Dublin in the latter years of the 19th century was a city in rapid decline. The southwestern corner was particularly poor, having missed out on any major development that had improved other parts of the city. The Famine had a devastating impact and the Parish of St. Bridget had witnessed an influx of poverty-stricken country people seeking work and lodgings, while the better-off left the area.
Edward Cecil Guinness passed through the Liberties area regularly on his way to the Guinness Brewery. He was appalled at the conditions that prevailed in this corner of Dublin. A warren of foul-smelling laneways lined with crumbling and overcrowded houses that were no longer fit for habitation. In business, Sir Edward was very successful. Having steered the Guinness Brewery through rapid expansion, he oversaw the flotation of the company on the stock exchange in 1886 and amassed a considerable fortune. Towards the end of the decade, Sir Edward began to think about how he might put his fortune to good use. Together with his close friend, Lord Rowton, who was equally concerned about the impoverished living conditions that dominated many parts of London, Sir Edward set about planning to establish a major philanthropic housing Trust.
Notice of his intention was made public in November 1889. Sir Edward announced that he would donate £250,000 ‘for the amelioration of the condition of the poor labouring classes’ of London and Dublin, through the provision of structurally sound, clean and affordable housing. The gift was split unevenly; £200,000 was allocated to London, with the remaining £50,000 given to Dublin, however, in Dublin Sir Edward would ultimately invest an amount considerably greater than the original gift for the Dublin and London funds combined.
On April 2nd 1890, the formal Deed of Trust for the Dublin fund was signed; setting in train a mammoth undertaking that has endured for 130 years. The Deed outlined Sir Edward’s vision and made it clear that the entity that would later become The Iveagh Trust, was not only to concern itself with the provision of ‘improved dwellings’, but all that encompassed the creation of a community.
Lord Rowton was among the three Trustees first appointed in 1890 to govern the activities of the Guinness Trust and remained Chairman until his death in 1903. Sir Edward had a close interest and involvement with the work of the Trusts in London and Dublin. He appointed himself a Trustee in 1892 and on Lord Rowton’s death became Chairman of the Guinness & Iveagh Trusts, holding office until his death in 1927.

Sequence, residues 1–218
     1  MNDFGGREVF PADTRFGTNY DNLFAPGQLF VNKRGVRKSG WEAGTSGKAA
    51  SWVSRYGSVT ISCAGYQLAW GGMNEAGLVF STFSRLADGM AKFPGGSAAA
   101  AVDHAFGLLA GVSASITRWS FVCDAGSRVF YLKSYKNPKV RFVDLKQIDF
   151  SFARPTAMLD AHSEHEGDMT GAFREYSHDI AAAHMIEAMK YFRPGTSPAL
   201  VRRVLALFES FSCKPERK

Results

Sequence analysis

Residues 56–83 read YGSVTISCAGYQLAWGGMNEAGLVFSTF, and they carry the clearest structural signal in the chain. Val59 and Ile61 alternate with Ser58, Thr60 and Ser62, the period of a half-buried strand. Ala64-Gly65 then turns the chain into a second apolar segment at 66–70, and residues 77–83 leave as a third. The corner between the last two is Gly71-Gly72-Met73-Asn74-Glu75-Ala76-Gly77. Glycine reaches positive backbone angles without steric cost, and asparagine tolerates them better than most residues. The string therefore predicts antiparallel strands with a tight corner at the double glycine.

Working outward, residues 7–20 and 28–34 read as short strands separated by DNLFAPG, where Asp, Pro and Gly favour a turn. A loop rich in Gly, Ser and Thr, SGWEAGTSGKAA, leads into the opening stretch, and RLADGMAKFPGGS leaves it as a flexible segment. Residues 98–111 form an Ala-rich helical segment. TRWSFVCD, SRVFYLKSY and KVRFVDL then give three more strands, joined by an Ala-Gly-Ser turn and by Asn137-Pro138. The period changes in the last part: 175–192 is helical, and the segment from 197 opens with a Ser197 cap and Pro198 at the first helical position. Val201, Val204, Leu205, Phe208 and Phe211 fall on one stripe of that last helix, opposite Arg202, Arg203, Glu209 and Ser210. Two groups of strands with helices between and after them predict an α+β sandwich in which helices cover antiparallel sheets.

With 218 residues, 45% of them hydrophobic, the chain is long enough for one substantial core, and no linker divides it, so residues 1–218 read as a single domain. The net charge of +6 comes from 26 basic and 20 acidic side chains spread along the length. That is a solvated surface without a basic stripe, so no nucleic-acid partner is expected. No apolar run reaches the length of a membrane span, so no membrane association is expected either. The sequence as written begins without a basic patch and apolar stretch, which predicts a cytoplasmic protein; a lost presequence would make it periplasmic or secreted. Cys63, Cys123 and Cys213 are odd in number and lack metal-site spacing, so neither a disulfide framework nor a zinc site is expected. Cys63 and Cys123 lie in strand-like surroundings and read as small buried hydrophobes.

Initially the Guinness Trust was administered from London and early management of the Dublin Fund was given to the Dublin Artisans’ Dwellings Company (DADC).
The Trust’s first buildings were erected by the DADC in 1891 at the corner of Thomas Court & Bellevue, close to the Guinness Brewery. Two large three-storied, red brick blocks were constructed, providing 118 single room flats with shared toilet & bathroom facilities. The DADC handed over the property to the Trust in June 1892 and the Trust’s first Dublin office was located there for a short time.
By 1894 there were 343 persons in the Thomas Court Buildings. This first enterprise was an experimental forerunner of the later and larger Trust buildings and ultimately did not meet with the aspirations of Trustees. It was reported that the condition of the ceilings and chimneys in the new dwellings was not satisfactory; the Trustees resolved that they should be repaired, or replaced, with the expenses met by the Trust. Furthermore, the Thomas Court buildings contained no surrounding open spaces other than narrow communal yards.
The constant need for repairs of these newly built dwellings proved costly and the Trustees eventually deemed them wholly unsatisfactory; in December 1895, the Trustees authorised Mr. Sutton, the solicitor to the Trust in Dublin, ‘to sell the Thomas Court Buildings to the Dublin Artisans Dwellings Company for any sum over £5000.’